By Gregorio Bettiza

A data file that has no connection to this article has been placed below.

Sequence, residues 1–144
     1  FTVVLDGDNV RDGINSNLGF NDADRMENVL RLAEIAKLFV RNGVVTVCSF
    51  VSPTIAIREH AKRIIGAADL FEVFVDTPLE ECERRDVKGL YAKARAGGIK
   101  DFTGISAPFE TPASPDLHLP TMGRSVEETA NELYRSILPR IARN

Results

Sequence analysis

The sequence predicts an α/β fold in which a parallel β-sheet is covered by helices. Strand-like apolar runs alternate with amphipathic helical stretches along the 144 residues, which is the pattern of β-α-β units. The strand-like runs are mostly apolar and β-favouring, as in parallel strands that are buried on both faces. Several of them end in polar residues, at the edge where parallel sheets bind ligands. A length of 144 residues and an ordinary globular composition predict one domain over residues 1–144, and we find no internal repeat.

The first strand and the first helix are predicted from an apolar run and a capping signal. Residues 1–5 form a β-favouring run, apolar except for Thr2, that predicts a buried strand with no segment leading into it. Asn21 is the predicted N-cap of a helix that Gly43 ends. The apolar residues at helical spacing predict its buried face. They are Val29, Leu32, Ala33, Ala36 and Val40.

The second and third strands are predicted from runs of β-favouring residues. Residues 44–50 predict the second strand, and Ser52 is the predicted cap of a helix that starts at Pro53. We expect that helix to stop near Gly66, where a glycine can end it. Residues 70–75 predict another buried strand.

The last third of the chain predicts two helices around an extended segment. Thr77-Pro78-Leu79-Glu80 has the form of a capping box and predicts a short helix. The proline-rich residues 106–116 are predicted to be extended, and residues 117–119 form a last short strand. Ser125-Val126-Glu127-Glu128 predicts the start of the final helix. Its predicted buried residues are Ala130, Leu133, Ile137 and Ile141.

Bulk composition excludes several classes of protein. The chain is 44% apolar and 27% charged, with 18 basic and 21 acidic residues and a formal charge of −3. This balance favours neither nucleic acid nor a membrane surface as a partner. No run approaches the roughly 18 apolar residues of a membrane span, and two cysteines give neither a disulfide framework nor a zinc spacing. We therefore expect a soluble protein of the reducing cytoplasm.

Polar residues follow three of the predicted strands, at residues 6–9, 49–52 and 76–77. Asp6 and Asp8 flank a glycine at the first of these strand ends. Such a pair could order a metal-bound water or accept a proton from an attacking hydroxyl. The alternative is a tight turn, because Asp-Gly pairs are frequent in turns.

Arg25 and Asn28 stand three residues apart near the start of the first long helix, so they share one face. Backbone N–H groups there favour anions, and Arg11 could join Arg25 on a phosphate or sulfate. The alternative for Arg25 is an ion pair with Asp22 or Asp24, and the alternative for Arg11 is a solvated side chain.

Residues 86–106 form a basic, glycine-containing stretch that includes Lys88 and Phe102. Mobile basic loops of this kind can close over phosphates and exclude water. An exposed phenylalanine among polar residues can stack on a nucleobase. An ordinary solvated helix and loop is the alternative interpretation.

When Americans elected a new president in November 2008, Europeans hoped that the partnership between the two continents would be renewed. An Obama-mania pandemic infected the Old Continent during his campaign. With Bush gone, observers in Berlin, Rome, London and Paris were predicting a new era of transatlantic cooperation. If 80% of Europeans held a favourable opinion of the newly elected president, on the other side of the Atlantic Americans expected to cash in on Washington’s newfound legitimacy and soft power. The hope was that Europeans would be more willing to cooperate and more capable of doing so; particularly as the EU finally completed the ratification process of the Lisbon Treaty in November 2009. The new Obama administration hoped it could now count on a willing and streamlined European partner with one – or two at the most – phone numbers to call in case of need: those of the newly appointed President of the European Council or that of Europe’s High Representative and Foreign Minister.